The Revolutionary Speech On Race

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Targeting people for the colour of their skin, unfortunately, continues to this day, whether it is racist attacks seen in the UK following the referendum, black victims of police brutality in the US, or violence against refugees in continental Europe. But things can change for the better.

In 1963, the US National Guard had to be sent to protect  two African American students Vivian Malone and James Hood as they enrolled at the University of Alabama. The  Alabama Governor George Wallace blocked their path and their lives had been threatened. Following this, the US President of the time, John F. Kennedy, gave a speech on civil rights where he first proposed the Civil Rights Act of 1964. Martin Luther King, Jr. later called the proposals ‘the most sweeping and forthright ever presented by an American president’.” Seven months after Kennedy was assassinated the Act became law. It abolished discrimination in public accommodations, employment, and federally funded programs. It fundamentally changed the lives of discriminated people. Here are some of the highlights of the speech:

“ The Negro baby born in America today, regardless of the section of the Nation in which he is born, has about one-half as much chance of completing a high school as a white baby born in the same place on the same day, one-third as much chance of completing college, one-third as much chance of becoming a professional man, twice as much chance of becoming unemployed, about one-seventh as much chance of earning $10,000 a year, a life expectancy which is 7 years shorter, and the prospects of earning only half as much.”

 

“ We are confronted primarily with a moral issue. It is as old as the scriptures and is as clear as the American Constitution.

The heart of the question is whether all Americans are to be afforded equal rights and equal opportunities, whether we are going to treat our fellow Americans as we want to be treated. If an American, because his skin is dark, cannot eat lunch in a restaurant open to the public, if he cannot send his children to the best public school available, if he cannot vote for the public officials who will represent him, if, in short, he cannot enjoy the full and free life which all of us want, then who among us would be content to have the color of his skin changed and stand in his place? Who among us would then be content with the counsels of patience and delay?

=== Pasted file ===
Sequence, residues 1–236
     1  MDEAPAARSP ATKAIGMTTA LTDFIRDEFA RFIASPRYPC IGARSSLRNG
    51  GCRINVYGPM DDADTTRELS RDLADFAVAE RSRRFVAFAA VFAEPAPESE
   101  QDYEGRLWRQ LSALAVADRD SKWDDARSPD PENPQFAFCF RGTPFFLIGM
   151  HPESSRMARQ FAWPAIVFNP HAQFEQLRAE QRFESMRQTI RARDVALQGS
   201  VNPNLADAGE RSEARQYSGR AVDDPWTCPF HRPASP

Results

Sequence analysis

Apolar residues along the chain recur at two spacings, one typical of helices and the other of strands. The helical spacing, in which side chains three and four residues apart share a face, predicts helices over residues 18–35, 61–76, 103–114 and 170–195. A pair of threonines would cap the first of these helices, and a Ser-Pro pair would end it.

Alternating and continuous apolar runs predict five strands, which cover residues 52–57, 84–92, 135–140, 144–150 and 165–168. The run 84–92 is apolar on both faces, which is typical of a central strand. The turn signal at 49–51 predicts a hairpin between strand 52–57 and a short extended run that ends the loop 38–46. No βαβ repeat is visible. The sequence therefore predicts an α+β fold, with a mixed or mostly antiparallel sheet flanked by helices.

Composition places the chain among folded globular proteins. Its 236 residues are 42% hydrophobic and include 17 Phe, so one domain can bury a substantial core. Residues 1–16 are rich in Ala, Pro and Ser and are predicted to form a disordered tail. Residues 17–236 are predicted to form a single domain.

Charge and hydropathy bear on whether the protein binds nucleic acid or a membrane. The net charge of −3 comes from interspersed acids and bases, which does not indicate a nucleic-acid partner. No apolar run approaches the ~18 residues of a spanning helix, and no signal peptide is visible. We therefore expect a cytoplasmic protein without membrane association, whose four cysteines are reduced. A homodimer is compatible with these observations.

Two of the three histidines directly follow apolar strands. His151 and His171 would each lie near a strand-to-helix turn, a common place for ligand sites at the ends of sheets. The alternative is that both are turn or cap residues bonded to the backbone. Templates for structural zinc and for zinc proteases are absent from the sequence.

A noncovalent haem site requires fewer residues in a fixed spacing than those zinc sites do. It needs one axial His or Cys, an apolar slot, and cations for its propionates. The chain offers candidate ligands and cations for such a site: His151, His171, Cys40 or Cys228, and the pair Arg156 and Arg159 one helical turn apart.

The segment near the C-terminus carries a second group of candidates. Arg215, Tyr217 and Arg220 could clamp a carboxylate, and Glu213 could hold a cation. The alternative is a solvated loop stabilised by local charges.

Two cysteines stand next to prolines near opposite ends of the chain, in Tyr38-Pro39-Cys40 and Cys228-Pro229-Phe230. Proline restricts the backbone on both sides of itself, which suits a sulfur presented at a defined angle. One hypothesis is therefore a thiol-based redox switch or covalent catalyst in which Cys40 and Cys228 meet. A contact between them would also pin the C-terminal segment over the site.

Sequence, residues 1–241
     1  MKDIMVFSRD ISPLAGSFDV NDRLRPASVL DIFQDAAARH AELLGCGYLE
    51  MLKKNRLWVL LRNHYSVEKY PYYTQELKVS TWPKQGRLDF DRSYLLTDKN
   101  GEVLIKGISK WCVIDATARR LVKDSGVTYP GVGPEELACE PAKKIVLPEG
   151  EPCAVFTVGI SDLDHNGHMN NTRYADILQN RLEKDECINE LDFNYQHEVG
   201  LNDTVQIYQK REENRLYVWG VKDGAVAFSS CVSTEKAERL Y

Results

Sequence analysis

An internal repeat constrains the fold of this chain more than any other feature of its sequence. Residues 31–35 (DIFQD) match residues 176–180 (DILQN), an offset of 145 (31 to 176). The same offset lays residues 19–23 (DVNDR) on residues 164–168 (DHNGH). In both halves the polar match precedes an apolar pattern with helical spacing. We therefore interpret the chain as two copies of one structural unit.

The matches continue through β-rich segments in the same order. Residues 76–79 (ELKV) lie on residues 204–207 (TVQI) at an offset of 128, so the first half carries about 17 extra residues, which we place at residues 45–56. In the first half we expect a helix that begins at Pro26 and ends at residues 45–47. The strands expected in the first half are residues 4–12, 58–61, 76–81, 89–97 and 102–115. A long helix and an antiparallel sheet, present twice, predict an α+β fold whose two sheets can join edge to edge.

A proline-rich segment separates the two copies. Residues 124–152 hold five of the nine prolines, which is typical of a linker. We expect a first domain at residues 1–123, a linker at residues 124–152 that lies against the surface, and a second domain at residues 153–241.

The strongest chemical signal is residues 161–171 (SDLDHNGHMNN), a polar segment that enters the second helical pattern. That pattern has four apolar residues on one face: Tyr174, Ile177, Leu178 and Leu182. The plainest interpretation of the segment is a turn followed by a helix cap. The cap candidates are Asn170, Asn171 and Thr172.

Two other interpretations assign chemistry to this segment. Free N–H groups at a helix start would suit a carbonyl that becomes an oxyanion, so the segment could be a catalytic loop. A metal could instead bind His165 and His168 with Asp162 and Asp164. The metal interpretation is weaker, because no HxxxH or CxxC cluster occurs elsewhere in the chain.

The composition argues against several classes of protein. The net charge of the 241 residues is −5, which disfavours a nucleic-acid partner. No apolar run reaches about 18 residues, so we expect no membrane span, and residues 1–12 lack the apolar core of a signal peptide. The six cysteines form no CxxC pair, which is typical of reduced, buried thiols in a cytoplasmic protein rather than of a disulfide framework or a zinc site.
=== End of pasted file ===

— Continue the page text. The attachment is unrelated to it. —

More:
One hundred years of delay have passed since President Lincoln freed the slaves, yet their heirs, their grandsons, are not fully free. They are not yet freed from the bonds of injustice. They are not yet freed from social and economic oppression. And this Nation, for all its hopes and all its boasts, will not be fully free until all its citizens are free.

We preach freedom around the world, and we mean it, and we cherish our freedom here at home, but are we to say to the world, and much more importantly, to each other that this is the land of the free except for the Negroes; that we have no second-class citizens except Negroes; that we have no class or caste system, no ghettoes, no master race except with respect to Negroes?”

 

“ It is not enough to pin the blame on others, to say this is a problem of one section of the country or another, or deplore the fact that we face. A great change is at hand, and our task, our obligation, is to make that revolution, that change, peaceful and constructive for all.

Those who do nothing are inviting shame as well as violence. Those who act boldly are recognizing right as well as reality.”

This speech along with JFK’s  on world peace are two of the most powerful  and transformative speeches given in modern times. It shows that change is possible.

Bilal

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